7

Here is a simple Solidity contract:

pragma solidity ^0.4.16;

contract Test {
    uint[] array;

    function testGasEstimation() public {
        array.length = 1;
    }
}

Here is the output of solc --gas Test.sol

======= Test.sol:Test =======
Gas estimation:
construction:
   88 + 44200 = 44288
external:
   testGasEstimation(): infinite

Similarly array.push(1); estimates to infinite gas.

6

There are many cases when the gas estimator reports infinite gas. However, it doesn't necessarily mean that there is an infinite loop in your code or that your code is incorrect but just the estimator is quite restrictive when making decisions about how much gas can be consumed by the code. In particular, any backward jumps or loops in the assembly code will make it report infinite gas.

For the provided code sample array.length = 1; the compiler adds the bytecode that resets all array elements outside the new bound. For example if the array contained 10 elements and then you set its length to 1, the code will iterate over 9 elements and reset the storage slots for them. This operation involves a loop, that's why the estimator reports infinite gas estimation.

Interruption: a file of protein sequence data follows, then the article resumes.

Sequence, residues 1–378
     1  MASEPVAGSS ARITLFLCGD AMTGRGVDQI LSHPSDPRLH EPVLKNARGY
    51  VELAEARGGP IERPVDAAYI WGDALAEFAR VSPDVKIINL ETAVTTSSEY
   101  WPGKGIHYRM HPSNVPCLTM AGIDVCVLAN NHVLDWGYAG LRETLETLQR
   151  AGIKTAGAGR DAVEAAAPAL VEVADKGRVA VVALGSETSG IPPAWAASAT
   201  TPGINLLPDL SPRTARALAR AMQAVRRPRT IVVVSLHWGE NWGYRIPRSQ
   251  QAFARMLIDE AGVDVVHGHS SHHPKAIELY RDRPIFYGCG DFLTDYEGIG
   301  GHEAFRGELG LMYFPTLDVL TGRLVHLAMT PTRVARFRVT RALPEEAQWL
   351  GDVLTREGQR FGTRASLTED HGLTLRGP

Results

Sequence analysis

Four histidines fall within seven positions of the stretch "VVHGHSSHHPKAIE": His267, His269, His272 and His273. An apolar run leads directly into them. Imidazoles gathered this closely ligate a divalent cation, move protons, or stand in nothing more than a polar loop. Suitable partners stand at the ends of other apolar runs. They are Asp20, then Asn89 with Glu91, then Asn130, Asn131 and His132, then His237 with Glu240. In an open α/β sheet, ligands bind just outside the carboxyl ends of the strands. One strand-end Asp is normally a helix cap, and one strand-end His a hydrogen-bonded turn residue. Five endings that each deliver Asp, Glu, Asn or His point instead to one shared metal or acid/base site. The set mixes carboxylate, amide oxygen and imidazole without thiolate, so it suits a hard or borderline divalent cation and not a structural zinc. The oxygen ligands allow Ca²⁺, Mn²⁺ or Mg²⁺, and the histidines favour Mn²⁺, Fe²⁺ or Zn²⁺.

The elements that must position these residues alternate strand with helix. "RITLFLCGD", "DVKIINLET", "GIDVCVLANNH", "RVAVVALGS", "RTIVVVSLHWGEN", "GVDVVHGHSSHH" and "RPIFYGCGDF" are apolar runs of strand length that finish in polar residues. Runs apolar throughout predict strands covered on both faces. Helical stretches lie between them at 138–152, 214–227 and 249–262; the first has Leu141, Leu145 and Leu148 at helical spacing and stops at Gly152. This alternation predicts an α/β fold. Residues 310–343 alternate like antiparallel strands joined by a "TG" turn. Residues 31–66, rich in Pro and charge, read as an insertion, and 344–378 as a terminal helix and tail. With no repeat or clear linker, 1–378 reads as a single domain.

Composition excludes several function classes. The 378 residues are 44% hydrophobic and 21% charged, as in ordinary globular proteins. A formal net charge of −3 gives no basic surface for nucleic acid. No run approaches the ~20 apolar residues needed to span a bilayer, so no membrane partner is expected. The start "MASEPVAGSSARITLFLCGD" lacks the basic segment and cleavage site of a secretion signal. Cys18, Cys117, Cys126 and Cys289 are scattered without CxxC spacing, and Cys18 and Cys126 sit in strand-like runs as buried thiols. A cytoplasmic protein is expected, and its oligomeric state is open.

array.push() includes setting the new length of the array, so it's estimated to infinity for the same reasons.

You can read more details with links to the estimator code here How to get the cost (in gas) of the non-constant function call?

1

Dynamic array could have infinite length, regardless that you set it to 1.

  • 2
    Does it mean setting the length of potentially infinite array to 1 potentially takes infinite gas? – medvedev1088 Nov 3 '17 at 10:26
  • 2
    Between you an me know, but the compiler can not work that out, because it can not know that you may have a function or call later that changes the value, yes you have a constant, but to the compiler, it interprets it as a variable, and as such could be infinite, this is just be guess from my understanding, don't gp to the bank on this...:D – Cyberience Nov 7 '17 at 2:44

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